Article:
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A New Method of Deducing Atomic Spectroscopic Terms

The Method of Number Arrangement


Zhao Sen
Department of Chemistry, Hebei Normal University, Shijiazhuang, P.R. of China
Zheng Kemln
Department of Pharmacy, Hebel Medical College, Shijiazhuang. P.R. of China
Wu Fenglin and Zhi Yinze
Department of Chemistry, Hebel Education College, Shijiazhuang, P.R. of China

At present there are three methods for deducing atomic


-443 = m, (1)
spectroscopic terms of equivalent configurations. They are:
the method of progressive extinction (1-3), the method of
permutation of groups ( 4 , 5 ) , and the method of quick com- For each factored spin-state pair, we only take the values of
putation (6, 7). All are complicated and tedious. For exam- Ms 2 0.
ole. the fS confieuration has 26.334 microstates. and p e o ~ l e (2) Compute the M L values, semimicrostates, and the
ran hardly get the spectroscopic terms by manual c&& number of semimicrostates of each a (or 8)spin state.
tion. Thouehan IBM-PC/XTmicrocomouter can be used to Semimicrostaws are different from common microstates.
compute tLe spectroscopic terms, it takes much time, for In microstates each orbital may contain electrons of a,3 spin
example, the ga configuration takes 96 h. We report a new states, hut for semimicrostatei only one electron of a (or 8)
method that solves the problem of finding the atomic spec- spin state may be placed in each orbital. The MLvalue for a
semimicrostate equals the sum of the mr values of the elec-
troscopic terms of equivalent configuration of multielec-
trons and can be performed by manual calculation. Up to trons in the occupied orbitals. Thus,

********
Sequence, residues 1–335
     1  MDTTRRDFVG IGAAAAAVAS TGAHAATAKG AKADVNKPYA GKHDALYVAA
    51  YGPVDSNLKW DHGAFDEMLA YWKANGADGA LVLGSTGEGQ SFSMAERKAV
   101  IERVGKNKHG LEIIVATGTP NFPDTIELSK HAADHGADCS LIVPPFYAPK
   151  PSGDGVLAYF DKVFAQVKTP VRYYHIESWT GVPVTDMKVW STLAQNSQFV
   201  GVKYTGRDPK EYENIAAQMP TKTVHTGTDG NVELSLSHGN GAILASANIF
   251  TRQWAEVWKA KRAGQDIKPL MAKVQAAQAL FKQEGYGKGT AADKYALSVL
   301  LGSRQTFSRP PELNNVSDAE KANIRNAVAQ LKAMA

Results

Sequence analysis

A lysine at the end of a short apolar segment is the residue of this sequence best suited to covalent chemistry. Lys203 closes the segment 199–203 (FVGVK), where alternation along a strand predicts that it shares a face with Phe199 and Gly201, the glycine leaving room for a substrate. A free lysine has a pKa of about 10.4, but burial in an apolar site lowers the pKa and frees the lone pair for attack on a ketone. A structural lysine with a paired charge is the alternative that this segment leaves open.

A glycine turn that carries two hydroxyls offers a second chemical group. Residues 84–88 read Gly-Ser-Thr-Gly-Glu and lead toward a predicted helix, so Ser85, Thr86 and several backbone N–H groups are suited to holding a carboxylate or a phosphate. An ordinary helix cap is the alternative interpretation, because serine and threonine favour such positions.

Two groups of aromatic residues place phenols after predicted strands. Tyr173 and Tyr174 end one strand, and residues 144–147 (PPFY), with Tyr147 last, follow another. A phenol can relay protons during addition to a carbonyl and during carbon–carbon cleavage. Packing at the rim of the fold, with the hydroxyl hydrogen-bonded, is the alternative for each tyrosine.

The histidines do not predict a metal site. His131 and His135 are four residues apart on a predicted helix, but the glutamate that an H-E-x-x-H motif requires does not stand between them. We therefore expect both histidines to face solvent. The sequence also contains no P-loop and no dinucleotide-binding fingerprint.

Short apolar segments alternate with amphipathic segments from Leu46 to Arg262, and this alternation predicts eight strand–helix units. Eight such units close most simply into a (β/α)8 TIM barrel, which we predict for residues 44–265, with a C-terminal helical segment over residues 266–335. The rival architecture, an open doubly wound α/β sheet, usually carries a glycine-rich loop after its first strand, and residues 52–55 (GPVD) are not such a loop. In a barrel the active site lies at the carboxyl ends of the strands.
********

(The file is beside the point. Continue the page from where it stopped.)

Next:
now, the spectroscopic terms given in the literature are only
those for the sX,px,d', f* (8)and gr (9) configurations. By use M
" 1m,, (2)
of a computer and themethod reported herein, we can deter-
mine the snectroscooic terms of h'. . i"..i*.
k".. and lXconfieura- For example, the (e:)(e$) spin-state pair of the fS configura-
tions. The npectroscopic terms of even higher configuration tion possesses two kinds of spin states and total spin magnet
mav be calculated if the comouter oossesses hieh aualirv. It +
quantumnumber is Ms = 3 % 2 X (-11%) = %. For the three
takks between 1 and 10 min to ieduce all ;pe&os&pic electrons of the e: semimicrostates of the f5 configuration,
terms for the listed electronic configurations. the m,values line UD from the maximum to minimum as 3.2.
1; hence, the totalo;bital magnet quantum numberisM,. = 3
Deduclng Process +
+ ? 1 = 6. There is only one semimicrostate for the el soin
(1) Factor equivalent electron configurations into a and @ state with MI. = 6, and it can be represented by using ;he-m~
spinstates. For example, thefSconfiguration can he factored values 3 , 2 , 1 of the three electrons. We set 3 , 2 , 1 as the three
into (ez), (e4,)(e$, and (e;)(ei). Do this until the number of digits 321, and this serves to designate the single semimi-
electrons of the two kinds of spin states is equal or the crostate. To find the number of semimicrostates of ML = 5,
difference between them is one. The total spinmagnet quan- subtract 1 from the right most digit of 321, thus leaving 320.
tum number may he calculated as Continue the subtraction process since there are no repeat

Volume 68 Number 3 March 1991 205


Table 1. MLValue ol e'Spln Slate, the Semlmlcrostate, and the Semlmlcrortale Number ol I NConflgurallon

Type of Number of
Eiectronlc spin MI value of .Semimicrostate ~emimiw~s~le~
configuration state semimicrostate Designation with that M~value

pN e' 1 1 1
0 0 1
dN e' 2 2 1
1 1 1
0 0 1
e2 3 21 1
2 20 1
1 2-1 10 2
0 2-2 1-1 2
e' 3 3 1
2 2 1
1 1 1
0 0 1
e2 5 32 1
4 31 1

digits; thus subtract 1 from the middle digit of 321 to give


311, and finally 221 by subtracting 1from the left most digit L = 0, 1, 2, 3, 4, 5
of 321. Since the two semimicrostates 311 and 221 have S P D F G H
repeated digits, cancel them; thus, only the 320 semimicros-
tate is left for M L = 5. Cancel identical semimicrostates Thus we get the atomic spectroscopic term H and its corre-
whenever tbev aonear. Follow the above method until the rn, sponding number 3, i.e., H (3).
of each orbital type is a t its minimum value (-3 for f elec-
trons). . the Drocess when the M L value for each semi-
. Reneat
microstate is positive or zero, Mr. = 0. This produces the Examples